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I am a little bit confused right now...in the CakePHP documentation, it states that PHP's visibility can be replaced as follows: private with __ and protected with _. But doing the necessary replacements, and calling a private method from within another class leads to the execution of that method without any restriction. What am I missing?

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Are you setting these private methods in a controller or a model? Because the naming convention only works on controllers as far as I know. Also I believe it only works if someone tries to access it from a URL like www.example.com/controller/_protectecAction –  8vius Aug 29 '11 at 19:10
    
I am setting them in a model, but if they only work for URL access, why would there be a protected and private equivalent? –  Andrei Horak Aug 29 '11 at 19:25
    
I have no idea, it's just the way cake works, if its in the model just set private and protected on it, since the _ only works for the controller –  8vius Aug 29 '11 at 19:27

3 Answers 3

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If you're setting them in the model, just use private and protected, the _ and __ only work for controller actions

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But it doesn't make sense. Why would it work only for controllers? Also, there is nowhere specified that the _ and __ are restricted or "work" just under certain circumstances... –  Andrei Horak Aug 29 '11 at 20:10
    
From the cookbook: book.cakephp.org/view/904/Controller-Conventions It says there that the _ and __ are used for denying external access but permitting internal use –  8vius Aug 29 '11 at 20:21
    
So according to this like I said you could just use the private and protected tags for your methods and variables as you would normally use them, since the _ and __ are simply CakePHP conventions and do not act in place of private and protected –  8vius Aug 29 '11 at 20:23
    
I will do so, but I am still confused regarding this aspect. The article you cited refers only to _, it says nothing about __. Thank you for your answer, however, I will still let the question open for further any other pertinent answer. –  Andrei Horak Aug 29 '11 at 20:32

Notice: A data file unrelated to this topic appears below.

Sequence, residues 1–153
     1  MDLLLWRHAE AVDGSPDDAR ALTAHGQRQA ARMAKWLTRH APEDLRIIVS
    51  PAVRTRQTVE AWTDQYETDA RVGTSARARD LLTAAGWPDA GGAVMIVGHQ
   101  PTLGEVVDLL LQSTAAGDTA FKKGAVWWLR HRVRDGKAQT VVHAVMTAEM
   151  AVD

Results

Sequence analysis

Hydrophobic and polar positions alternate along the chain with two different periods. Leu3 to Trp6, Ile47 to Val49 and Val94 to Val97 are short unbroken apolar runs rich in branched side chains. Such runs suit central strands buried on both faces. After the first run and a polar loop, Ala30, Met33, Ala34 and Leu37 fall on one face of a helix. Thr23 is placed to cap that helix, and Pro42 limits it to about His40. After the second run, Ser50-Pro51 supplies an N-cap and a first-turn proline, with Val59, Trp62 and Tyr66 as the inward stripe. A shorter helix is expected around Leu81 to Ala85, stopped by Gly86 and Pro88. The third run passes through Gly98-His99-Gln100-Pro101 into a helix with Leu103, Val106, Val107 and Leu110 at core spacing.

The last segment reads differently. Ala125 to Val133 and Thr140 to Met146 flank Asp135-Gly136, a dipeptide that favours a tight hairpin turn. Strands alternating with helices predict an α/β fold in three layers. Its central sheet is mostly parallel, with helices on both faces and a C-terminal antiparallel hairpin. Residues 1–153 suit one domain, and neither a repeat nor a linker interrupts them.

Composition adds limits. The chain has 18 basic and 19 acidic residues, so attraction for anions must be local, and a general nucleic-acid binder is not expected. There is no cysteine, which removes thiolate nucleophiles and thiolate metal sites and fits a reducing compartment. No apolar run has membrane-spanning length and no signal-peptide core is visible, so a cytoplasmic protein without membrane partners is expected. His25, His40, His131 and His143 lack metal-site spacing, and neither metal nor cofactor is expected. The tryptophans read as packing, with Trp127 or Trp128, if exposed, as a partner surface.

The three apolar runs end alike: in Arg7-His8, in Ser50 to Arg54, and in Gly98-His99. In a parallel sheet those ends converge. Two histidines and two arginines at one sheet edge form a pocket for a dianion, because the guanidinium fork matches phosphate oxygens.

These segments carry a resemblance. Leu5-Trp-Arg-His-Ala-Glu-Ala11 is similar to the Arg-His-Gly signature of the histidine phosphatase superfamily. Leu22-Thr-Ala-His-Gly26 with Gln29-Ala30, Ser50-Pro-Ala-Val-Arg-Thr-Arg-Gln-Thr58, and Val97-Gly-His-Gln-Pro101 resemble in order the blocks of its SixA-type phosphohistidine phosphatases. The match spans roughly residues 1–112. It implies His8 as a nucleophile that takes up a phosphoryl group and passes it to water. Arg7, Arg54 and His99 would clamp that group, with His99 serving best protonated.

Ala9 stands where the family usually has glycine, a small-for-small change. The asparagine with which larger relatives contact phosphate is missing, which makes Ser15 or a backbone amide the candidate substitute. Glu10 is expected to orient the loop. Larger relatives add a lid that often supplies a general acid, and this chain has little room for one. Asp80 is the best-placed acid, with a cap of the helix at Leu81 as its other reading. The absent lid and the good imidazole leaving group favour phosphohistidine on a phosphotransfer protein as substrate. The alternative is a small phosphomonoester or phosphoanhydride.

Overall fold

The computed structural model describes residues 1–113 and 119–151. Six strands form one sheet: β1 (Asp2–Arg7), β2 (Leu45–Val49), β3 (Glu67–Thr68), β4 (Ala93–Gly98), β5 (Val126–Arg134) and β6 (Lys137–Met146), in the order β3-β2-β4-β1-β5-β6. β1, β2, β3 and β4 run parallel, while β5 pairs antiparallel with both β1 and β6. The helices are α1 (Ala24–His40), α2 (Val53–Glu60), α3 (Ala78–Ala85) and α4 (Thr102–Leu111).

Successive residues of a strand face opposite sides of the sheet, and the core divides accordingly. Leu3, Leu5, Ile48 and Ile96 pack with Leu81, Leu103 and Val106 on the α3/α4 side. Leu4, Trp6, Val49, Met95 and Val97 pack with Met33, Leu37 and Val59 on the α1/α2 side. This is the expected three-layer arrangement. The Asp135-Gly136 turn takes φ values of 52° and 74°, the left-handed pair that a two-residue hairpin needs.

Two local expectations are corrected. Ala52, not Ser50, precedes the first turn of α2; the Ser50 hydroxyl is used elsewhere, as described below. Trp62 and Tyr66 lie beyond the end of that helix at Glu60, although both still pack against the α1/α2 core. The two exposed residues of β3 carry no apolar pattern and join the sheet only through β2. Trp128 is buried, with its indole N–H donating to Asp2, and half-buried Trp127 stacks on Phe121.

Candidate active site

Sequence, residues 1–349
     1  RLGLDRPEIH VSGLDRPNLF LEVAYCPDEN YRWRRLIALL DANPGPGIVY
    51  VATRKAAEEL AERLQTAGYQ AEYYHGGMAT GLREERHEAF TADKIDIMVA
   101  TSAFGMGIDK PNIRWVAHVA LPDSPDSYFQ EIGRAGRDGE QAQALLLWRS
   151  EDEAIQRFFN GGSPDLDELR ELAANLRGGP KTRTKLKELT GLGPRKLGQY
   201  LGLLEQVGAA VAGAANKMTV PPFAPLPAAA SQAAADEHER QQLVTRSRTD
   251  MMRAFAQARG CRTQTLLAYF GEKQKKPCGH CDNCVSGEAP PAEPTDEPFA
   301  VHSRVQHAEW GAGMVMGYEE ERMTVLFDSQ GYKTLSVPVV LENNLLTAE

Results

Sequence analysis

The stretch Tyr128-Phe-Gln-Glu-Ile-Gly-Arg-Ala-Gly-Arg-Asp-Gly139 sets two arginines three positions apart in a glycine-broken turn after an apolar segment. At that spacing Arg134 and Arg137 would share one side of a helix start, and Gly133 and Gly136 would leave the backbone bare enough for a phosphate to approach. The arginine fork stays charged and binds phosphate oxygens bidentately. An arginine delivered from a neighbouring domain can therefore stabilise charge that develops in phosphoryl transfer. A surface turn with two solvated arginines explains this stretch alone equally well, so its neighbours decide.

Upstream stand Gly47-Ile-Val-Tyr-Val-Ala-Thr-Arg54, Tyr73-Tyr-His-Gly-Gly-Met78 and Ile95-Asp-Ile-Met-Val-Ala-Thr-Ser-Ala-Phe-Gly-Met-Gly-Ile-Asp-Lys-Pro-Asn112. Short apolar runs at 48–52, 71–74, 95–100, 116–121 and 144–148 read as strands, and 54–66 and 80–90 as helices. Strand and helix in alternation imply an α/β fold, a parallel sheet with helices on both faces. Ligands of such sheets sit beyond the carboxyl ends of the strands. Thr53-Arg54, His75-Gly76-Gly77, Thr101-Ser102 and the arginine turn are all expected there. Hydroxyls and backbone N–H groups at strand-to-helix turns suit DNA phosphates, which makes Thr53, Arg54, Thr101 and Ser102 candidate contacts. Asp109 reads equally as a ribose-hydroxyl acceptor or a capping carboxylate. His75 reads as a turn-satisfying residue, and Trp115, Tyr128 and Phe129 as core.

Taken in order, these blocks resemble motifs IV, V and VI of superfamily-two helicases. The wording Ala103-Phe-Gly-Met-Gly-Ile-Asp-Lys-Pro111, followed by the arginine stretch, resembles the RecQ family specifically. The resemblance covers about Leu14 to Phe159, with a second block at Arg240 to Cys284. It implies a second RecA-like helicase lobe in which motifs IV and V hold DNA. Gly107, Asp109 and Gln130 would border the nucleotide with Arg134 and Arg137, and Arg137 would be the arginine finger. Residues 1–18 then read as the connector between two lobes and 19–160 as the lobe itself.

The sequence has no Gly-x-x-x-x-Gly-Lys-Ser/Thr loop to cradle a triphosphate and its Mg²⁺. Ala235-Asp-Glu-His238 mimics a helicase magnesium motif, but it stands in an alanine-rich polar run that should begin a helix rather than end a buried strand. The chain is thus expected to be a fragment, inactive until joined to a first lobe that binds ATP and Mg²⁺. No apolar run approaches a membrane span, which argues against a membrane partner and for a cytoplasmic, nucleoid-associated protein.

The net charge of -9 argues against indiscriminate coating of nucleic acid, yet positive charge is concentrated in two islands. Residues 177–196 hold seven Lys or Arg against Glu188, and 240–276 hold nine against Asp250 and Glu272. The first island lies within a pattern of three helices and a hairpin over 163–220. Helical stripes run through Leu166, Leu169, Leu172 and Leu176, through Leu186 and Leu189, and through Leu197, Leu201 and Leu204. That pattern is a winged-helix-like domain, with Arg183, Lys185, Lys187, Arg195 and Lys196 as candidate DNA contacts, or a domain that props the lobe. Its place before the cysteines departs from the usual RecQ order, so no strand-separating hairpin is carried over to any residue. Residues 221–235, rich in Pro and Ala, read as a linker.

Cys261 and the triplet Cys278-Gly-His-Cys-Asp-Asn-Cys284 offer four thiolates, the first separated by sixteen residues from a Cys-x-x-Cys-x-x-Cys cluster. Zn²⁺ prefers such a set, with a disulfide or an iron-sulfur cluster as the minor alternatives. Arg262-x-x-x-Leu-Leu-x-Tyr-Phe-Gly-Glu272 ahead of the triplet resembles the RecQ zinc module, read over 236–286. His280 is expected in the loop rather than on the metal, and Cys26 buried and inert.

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Ok, sure thing, I'm reading up about this on the CakePHP google group and everything seems to indicate the normal use of private and protected and that the _ is only for blocking navigation to said actions groups.google.com/group/cake-php/browse_thread/thread/… also I can't find any mention of __ where did you read about this convention initially? –  8vius Aug 29 '11 at 20:48

the underscore is only effective for controller method, since the user can't access it. Inside Cake app, it's really just a convention. Besides I don't think it's a problem: You only need to lock your house from outside, you don't need to lock every doors if you are the only one in it. If you want to achieve that use private and protected PHP keywords.

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I'll then go with the private and protected keywords. Thank you! –  Andrei Horak Aug 30 '11 at 9:41

Using _ and __ for protected resp. private methods is a CakePHP convention because CakePHP (up to v1.3.x) is still a PHP4 framework and PHP4 doesn't have the protected and private keywords. This means, that even if you prefix your method names in such a way, they are still public methods as far as PHP is concerned.

In your application I would follow the approach used by the coming CakePHP 2: use the naming convention together with the respective visibility keyword. For example, a private method would then be defined as private function __myPrivateMethod().

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Thank you for the tip. I will do so and hence be prepared for CakePHP 2. –  Andrei Horak Aug 30 '11 at 9:41

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